Listening to “Start the Week” on BBC Radio 4 this morning (15 March) I was astonished to hear one of the participants use this word and  pronounce it /kɒgˈnaɪtɪv/.  This is not given by any of the current dictionaries of pronunciation, nor by the OED, and I’ve been wondering what model he was taking in order to arrive at it.

There’s decisive, with its noun decision, as cognitive has cognition, but decisive has the verb decide, for which cognitive has no equivalent (cognize?).

Attrition does give attritive /əˈtraɪtɪv/ but OED notes this as a rare word. Excitive /ɪkˈsaɪtɪv/ – latest quotation 1862. Incitive /ɪnˈsaɪtɪv/ – 1888.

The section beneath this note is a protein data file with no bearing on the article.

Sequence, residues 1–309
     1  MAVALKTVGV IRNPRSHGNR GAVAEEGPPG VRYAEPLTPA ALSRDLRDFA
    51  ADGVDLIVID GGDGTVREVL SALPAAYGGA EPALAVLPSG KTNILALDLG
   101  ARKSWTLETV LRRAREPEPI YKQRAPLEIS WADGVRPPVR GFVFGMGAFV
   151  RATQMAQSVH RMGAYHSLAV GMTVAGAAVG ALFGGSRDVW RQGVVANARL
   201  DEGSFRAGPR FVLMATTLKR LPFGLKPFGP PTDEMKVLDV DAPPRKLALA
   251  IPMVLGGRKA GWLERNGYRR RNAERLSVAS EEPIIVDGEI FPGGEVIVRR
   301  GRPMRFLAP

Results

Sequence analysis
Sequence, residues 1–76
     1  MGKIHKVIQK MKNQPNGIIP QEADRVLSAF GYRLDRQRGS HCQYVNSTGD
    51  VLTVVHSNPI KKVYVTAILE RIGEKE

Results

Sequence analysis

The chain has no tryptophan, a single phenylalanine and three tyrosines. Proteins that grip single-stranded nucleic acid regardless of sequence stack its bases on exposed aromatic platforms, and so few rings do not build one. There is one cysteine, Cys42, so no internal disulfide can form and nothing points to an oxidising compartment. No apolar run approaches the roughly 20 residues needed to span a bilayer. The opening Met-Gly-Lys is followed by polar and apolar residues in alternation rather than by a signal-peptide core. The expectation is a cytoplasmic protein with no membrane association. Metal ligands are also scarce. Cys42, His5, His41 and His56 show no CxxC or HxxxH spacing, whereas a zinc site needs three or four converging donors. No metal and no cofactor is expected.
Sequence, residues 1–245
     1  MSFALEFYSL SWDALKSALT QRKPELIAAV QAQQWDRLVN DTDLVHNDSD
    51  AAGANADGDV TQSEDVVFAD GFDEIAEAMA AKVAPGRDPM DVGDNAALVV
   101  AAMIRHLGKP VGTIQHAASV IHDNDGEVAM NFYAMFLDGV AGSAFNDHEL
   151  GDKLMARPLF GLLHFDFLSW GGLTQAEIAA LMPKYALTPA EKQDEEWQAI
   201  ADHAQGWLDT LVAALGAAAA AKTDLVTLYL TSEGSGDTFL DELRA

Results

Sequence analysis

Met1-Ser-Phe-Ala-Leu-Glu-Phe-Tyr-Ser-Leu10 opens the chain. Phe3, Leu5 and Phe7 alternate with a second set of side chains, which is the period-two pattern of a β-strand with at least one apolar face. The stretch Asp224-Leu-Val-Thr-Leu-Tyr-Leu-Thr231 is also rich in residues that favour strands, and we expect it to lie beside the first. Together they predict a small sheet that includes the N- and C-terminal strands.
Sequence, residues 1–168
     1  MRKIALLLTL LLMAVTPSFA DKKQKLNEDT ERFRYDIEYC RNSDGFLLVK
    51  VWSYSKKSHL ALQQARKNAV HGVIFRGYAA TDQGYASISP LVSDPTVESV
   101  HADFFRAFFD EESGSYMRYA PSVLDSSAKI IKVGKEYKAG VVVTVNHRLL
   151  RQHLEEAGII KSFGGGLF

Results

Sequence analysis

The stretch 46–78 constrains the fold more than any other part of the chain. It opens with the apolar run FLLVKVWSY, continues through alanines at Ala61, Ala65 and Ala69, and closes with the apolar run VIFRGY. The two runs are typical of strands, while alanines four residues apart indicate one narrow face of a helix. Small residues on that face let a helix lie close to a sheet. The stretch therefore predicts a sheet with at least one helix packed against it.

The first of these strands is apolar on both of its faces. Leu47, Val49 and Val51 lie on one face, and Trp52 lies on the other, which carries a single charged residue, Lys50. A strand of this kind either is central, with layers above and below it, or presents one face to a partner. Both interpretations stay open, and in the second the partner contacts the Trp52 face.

And out of 200 words ending -itive, these are the only ones with pronunciation /-aɪtɪv/.


  1. cognitive – cognition – cognizant – cognizance
    The latter two words could hardly have served as a model for that speaker, however.

  2. Was the participant a nitive speaker?

  3. Maybe a far shot, but “recognize” has a diphthong in the last syllable. However, the stress pattern is different from what you find in “cognize”.

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